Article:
May 11, 2012, 11:19 AM EDT
In the wake of criticism over Ron MacLean’s 9/11 remarks — and MacLean’s subsequent clarification — Don Cherry has jumped to the defense of his longtime broadcast partner.
“I couldn’t believe it when the boss came in during the end of the second period and said people were upset,” Cherry told The Canadian Press on Thursday. “I think what happens is people don’t think as much of hockey players as we love hockey players.
“We think hockey players are the top people in the world. We think they’re tough, that’s all Ron was doing. For people to take it out of context is just unbelievable to me.”
MacLean made the 9/11 reference during the intro of Wednesday night’s Rangers-Capitals Game 6. Here’s the transcript:
“From the capital of the U.S. of A., it’s New York and Washington. The economic and political engines of America, united in the birth of the country, they’re also linked in tragedy. They were the twin targets of the coordinated attacks on 9/11. It’s crazy to compare what the emergency responders did during that time, but a spirit has to start somewhere.
…You can’t help but be struck by the players and the way they’ve played these games. They are like police officers, they are like firefighters. You can’t fight fire with ego
…The pain these men have faced, the price they keep on paying, the hearts they keep on lifting.
…We all know about the firefighters. Our worst day is their every day.”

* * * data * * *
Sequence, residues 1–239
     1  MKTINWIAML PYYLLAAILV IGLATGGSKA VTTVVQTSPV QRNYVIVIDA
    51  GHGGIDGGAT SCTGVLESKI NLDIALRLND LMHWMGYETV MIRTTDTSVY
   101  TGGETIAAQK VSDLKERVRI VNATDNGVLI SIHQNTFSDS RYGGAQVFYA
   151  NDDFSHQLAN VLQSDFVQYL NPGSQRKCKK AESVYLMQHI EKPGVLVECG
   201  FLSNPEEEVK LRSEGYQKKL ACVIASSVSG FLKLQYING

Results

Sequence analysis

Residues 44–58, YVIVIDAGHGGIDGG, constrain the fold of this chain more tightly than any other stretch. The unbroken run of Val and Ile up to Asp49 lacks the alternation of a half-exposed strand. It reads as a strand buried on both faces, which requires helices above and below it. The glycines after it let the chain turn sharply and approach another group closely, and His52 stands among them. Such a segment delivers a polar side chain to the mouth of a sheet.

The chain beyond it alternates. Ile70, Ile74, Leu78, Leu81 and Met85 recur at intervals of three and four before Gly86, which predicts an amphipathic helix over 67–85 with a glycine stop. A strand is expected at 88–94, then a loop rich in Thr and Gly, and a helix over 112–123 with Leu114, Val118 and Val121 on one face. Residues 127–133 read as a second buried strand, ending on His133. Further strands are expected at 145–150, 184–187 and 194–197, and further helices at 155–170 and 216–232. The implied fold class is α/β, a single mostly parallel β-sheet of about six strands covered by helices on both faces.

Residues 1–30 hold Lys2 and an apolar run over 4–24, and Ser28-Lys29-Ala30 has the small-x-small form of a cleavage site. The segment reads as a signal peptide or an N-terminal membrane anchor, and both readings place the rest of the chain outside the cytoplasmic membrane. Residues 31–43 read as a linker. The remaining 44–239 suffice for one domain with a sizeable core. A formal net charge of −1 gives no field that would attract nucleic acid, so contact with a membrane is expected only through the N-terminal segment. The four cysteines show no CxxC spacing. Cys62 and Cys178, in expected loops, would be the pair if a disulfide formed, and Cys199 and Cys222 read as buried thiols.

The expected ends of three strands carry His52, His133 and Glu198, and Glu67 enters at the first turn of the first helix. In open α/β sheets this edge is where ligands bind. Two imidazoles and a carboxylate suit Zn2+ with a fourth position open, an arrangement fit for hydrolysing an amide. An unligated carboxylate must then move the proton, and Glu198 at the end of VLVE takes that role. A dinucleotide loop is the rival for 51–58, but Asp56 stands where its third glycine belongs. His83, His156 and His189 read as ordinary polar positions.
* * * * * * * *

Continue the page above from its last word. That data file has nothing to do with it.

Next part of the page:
After receiving great scorn on various social media platforms (which is weird, because social media is usually so opinion free), MacLean issued a statement not of apology, but clarification.
He then followed that statement up with more clarification to the CP:
“I think where I got caught was making the statements about 9/11, quickly saying it would be crazy to compare the work done by the first responders during that time, then I made the point still a spirit has to start somewhere. Then as they moved inside the arena I made the point watching the players in this series, I can’t help but think they are like police officers or firefighters.
“And then we cut to our first shot of a player and it was Brad Richards — a dear friend of mine — sitting there putting on his socks sort of looking laissez-faire, and I think the image of Brad looking almost disinterested coupled with the gravity of what I was talking about just cut a terrible image.”
Anyway, I think we can all agree the moral of the story is this wasn’t MacLean’s fault, and that Brad Richards needs to put on his socks more passionately.
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